> If you really want to be serious about large, performance-intensive arrays in Python, it's time to pull out numpy. It actually would fit well here.

Very strong agreement - numpy is a treasure.

> As a result, I find ctypes a lot easier to use for simple optimizations. YMMV.

Ditto - I've found cffi to be faster in some cases but it's definitely more overhead to use.

Ah ok, so you're proposing a nested array, not an array of structure pointers. I thought you were saying there was some way to use ctypes structures and yet avoid the overhead of the class instances.

And yes, I agree that if you're going to create this type of data structure, then it's worth the trouble to pull out numpy if you can.

This would be one of the approaches to use if you wanted to squeeze the last pieces of performance out of this class. I would recommend using Cython for this though.

The problem with both of these approaches is that, well, use this too often, however, and you suddenly realise you are not really coding in Python anymore.

Also, correct me if I'm wrong, overuse of tricks like these is one of the key reasons why we cannot have nice things like PyPy for all modules.

I actually agree with everything you write here. If I could re-write the post to include these points, I would.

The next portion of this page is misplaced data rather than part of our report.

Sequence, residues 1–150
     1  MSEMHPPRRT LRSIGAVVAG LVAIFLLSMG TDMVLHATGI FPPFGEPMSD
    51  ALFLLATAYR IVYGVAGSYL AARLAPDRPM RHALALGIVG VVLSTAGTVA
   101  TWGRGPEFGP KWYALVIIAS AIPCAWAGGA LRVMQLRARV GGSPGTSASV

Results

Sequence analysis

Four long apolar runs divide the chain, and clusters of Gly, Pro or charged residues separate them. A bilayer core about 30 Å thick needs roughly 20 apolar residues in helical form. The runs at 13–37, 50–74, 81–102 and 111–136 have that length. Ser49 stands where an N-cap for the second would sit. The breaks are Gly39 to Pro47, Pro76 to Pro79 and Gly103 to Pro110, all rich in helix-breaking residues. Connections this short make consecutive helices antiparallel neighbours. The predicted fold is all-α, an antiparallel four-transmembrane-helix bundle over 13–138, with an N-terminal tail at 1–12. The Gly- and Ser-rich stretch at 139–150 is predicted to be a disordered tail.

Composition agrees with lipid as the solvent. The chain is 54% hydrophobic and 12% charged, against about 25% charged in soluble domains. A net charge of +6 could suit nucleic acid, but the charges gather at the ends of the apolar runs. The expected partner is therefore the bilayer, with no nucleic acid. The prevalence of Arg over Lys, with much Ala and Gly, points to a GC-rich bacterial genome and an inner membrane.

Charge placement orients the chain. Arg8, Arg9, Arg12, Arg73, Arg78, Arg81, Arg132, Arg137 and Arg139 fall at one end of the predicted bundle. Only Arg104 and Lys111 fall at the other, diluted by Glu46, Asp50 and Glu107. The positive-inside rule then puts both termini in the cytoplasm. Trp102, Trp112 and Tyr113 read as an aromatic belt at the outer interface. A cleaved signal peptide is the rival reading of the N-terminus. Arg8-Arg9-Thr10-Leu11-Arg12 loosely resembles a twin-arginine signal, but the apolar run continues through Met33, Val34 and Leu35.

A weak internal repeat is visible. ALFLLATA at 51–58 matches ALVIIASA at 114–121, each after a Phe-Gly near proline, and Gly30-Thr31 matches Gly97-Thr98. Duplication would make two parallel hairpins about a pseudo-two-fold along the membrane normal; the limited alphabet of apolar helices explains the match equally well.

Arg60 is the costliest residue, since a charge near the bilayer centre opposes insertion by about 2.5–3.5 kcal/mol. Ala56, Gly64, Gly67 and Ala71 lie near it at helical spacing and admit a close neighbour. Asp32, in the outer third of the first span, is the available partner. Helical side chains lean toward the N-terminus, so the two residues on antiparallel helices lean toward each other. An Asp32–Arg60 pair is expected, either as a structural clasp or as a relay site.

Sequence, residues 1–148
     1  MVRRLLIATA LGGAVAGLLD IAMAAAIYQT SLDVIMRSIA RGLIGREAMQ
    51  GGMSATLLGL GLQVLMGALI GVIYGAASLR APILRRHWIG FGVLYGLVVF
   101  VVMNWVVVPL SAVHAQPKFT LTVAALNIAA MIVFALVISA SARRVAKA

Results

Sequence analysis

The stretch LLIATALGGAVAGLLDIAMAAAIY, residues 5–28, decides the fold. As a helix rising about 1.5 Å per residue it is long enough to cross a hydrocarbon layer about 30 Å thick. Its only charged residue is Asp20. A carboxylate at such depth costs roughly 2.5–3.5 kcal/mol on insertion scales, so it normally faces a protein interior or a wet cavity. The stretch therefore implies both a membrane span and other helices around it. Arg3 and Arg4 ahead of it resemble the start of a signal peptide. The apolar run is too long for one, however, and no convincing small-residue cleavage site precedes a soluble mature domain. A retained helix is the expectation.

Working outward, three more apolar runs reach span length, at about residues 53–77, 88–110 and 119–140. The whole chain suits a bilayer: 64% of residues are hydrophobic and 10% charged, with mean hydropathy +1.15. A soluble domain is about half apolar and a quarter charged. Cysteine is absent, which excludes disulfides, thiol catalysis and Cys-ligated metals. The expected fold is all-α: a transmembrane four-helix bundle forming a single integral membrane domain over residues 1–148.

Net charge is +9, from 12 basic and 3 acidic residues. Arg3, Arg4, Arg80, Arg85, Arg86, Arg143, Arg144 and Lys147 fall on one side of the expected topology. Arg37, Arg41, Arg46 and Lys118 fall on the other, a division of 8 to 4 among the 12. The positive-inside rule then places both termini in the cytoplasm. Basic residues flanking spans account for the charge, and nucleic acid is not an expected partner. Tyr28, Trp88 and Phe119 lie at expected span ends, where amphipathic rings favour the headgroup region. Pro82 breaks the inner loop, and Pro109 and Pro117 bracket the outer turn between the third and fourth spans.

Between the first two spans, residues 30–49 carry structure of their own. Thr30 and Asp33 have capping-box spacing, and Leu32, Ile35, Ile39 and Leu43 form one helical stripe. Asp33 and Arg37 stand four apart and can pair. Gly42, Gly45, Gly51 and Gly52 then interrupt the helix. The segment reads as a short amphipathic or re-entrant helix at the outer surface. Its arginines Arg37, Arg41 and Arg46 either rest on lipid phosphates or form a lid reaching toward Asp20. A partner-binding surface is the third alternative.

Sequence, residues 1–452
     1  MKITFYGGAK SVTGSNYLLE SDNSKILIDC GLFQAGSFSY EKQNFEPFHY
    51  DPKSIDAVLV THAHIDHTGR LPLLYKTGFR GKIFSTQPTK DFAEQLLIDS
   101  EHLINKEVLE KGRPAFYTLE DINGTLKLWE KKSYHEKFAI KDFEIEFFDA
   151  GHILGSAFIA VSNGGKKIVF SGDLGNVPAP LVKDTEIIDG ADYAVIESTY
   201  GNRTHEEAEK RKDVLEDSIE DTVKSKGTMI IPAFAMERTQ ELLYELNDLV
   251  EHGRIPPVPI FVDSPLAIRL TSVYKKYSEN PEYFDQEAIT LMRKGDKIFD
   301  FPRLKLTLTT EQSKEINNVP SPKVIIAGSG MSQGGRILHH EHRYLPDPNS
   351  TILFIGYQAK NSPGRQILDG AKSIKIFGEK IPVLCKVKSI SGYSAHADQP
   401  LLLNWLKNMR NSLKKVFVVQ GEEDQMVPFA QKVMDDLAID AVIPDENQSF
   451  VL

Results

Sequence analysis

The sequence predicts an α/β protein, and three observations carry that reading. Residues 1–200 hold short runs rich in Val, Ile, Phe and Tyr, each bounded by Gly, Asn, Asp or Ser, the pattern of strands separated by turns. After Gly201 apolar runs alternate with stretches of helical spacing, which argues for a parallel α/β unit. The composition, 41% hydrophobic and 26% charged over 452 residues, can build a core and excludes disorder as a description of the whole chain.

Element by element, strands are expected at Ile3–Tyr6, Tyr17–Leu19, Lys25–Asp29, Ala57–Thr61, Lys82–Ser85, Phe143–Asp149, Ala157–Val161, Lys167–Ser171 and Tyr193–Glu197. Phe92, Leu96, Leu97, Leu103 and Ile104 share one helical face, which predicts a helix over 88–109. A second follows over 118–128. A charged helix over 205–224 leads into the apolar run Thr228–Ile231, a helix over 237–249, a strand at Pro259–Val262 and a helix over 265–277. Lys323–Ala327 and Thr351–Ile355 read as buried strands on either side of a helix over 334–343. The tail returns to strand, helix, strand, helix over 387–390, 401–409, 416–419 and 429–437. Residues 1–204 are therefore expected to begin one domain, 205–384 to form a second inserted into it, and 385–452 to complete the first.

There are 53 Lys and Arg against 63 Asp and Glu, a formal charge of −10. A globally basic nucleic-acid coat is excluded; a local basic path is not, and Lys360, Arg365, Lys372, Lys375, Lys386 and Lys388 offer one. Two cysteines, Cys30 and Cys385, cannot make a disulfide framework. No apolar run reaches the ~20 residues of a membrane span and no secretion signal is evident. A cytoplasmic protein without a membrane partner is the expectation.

I do think PyPy is very near to having full ctypes support, if they don't already.

This is like saying that if you call C programs from shell scripts, or run node programs that make use of C libraries, that you are just writing C.

I am a python programmer who has yet to dive into ctypes, and I am curious if you have ever played with cffi[1], and if so, thoughts? The project seems to be aimed at the same use cases that you would use ctypes for.

1: http://cffi.readthedocs.org/en/release-0.8/

cffi's API is similar to LuaJIT's, so if you're familiar and comfortable with that, then cffi might be a good option.

If you're looking at creating your whole application around C extensions for Python, as in the case with some Cython apps, then libffi might be a good alternative. I've never used it, so I can't make any empirical observations about cffi (unlike Cython, which I've used -- it's awesome).